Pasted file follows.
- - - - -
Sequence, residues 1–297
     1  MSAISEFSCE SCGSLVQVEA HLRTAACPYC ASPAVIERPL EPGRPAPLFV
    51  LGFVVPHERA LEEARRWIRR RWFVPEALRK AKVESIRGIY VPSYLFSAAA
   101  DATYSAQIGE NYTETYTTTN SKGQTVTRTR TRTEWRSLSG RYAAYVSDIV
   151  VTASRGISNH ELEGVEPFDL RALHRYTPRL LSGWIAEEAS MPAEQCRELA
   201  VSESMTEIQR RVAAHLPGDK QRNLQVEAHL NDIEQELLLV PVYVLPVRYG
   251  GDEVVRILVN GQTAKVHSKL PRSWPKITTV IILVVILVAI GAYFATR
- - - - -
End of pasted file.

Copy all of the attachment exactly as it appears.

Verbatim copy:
Sequence, residues 1–297
     1  MSAISEFSCE SCGSLVQVEA HLRTAACPYC ASPAVIERPL EPGRPAPLFV
    51  LGFVVPHERA LEEARRWIRR RWFVPEALRK AKVESIRGIY VPSYLFSAAA
   101  DATYSAQIGE NYTETYTTTN SKGQTVTRTR TRTEWRSLSG RYAAYVSDIV
   151  VTASRGISNH ELEGVEPFDL RALHRYTPRL LSGWIAEEAS MPAEQCRELA
   201  VSESMTEIQR RVAAHLPGDK QRNLQVEAHL NDIEQELLLV PVYVLPVRYG
   251  GDEVVRILVN GQTAKVHSKL PRSWPKITTV IILVVILVAI GAYFATR